If Kramnik can win his final round game at the 15th Unive tournament he will be right on the brink of falling over that 2800 finish line. A hard race that I can only begin imagine as it is the culmination of every year that Kramnik has been playing chess! Having said that though I have to point out that the last two players I cheered for ended up losing their last round games. Do I dare sabotage Kramnik? Hopefully he can win or draw this last round game as this would potentially set up an amazing 4 player 2800 club level tournament. Organizers please line up! That would be something for the entire chess world to rejoice about!

Make it a great day! - Chess Coach Sean Tobin.

Monday, October 17, 2011


Kramnik continues on with a more combative mind set while at the chess board these days - to the enjoyment of chess fans everywhere in the world. Today's example comes to us from his win over Judit Polgar at the 15th Unive double round robin event being held in Hoogeveen Holland. This event is rated as a Category 20 event - all four participants are over the 2700 rated "sound barrier" and thus this event weighs in at the average rating of 2735. Many people have made a run at breaking through this stratospherically high rating barrier but few have ever crossed it.



We pick up just after all of the really heavy lifting has been done in this game with White to play his twenty seventh turn. To create a spacial crush against a strong opponent is the dream of every chess player. To do it against the ever tactical Judit Polgar who is rated 2701 is another matter entirely and would remain only a dream for mere chess mortals. But not to Vladimir Kramnik during round two of this double round robin event.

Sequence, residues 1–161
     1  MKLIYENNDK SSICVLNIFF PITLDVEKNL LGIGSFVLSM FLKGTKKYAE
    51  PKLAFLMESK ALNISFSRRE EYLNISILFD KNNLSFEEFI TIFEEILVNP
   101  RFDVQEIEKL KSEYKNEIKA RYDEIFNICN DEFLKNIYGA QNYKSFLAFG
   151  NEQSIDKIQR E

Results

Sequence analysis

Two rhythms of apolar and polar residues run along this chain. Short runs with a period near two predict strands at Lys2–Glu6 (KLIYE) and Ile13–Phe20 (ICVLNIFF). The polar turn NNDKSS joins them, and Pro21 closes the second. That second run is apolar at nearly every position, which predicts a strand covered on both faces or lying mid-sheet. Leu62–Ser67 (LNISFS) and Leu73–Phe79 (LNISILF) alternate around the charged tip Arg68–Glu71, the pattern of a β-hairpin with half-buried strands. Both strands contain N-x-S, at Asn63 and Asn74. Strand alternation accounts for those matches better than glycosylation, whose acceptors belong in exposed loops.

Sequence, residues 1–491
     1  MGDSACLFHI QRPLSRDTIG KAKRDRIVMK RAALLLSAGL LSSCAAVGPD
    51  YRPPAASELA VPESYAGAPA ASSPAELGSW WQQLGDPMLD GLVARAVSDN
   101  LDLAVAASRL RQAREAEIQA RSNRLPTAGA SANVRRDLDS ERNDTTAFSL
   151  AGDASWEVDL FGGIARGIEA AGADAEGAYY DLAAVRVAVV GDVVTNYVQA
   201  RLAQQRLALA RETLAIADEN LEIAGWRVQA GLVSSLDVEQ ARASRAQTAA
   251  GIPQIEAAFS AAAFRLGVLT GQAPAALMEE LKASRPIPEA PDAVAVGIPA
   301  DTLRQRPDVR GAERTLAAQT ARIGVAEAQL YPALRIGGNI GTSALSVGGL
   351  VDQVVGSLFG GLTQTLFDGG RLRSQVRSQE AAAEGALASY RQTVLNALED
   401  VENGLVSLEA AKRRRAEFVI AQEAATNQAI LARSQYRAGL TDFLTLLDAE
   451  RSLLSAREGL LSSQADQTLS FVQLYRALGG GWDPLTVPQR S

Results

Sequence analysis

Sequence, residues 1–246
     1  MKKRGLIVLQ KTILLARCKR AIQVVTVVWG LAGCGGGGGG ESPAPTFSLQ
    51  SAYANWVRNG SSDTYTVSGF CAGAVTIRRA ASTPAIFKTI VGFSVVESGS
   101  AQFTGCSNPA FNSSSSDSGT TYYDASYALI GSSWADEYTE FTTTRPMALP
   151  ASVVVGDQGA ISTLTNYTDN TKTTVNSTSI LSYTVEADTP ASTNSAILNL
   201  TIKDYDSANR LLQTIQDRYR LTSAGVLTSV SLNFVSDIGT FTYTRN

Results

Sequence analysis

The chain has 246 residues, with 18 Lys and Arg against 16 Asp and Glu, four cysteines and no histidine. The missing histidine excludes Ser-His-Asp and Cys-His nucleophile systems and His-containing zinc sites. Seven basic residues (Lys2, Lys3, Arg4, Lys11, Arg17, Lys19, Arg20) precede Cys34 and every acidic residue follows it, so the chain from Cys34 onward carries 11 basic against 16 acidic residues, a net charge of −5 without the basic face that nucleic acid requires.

With the move 27. Qd4 the threats along the a1 to h8 diagonal are obvious and the way to defend only staves off the inevitable for but a short time. Given the time controls used for tournaments these days this is literally more true than I perhaps would like to admit. But for skilled hands such as Kramnik's - no matter. There is chess and chess art - the latter being timeless because of it's very nature.

27. Qd4 Re5 28. Nxd6 Rcc5


Kramnik wraps things up nicely with 29. Rxe5 Rxe5 30. Nc4 Bc5 31. Qxd7 going up a piece, maintaining the crushing space advantage and still on the attack. Polgar resigned after playing the move 31. Re8 out of momentum.

If Kramnik continues to play with a free and light spirited yet focused mind for the rest of this event he could very well crash through the 2800 barrier again - perhaps even to smash it should he win most of his six games from this double round robin event. Which would, of course, be another historical event worthy of praise should Kramnik accomplish this feat. The key to this is for Kramnik to keep playing tactically at the board and to not dwell on the speed bumps that all chess players hit during tournaments - the loss that can break the stride of those thus distracted. For us mere chess mortals we are rather more used to hitting those speed bumps!

Keep on eye on this stellar event by visiting your favorite websites and mine at: or - Ja mata! - Coach Sean.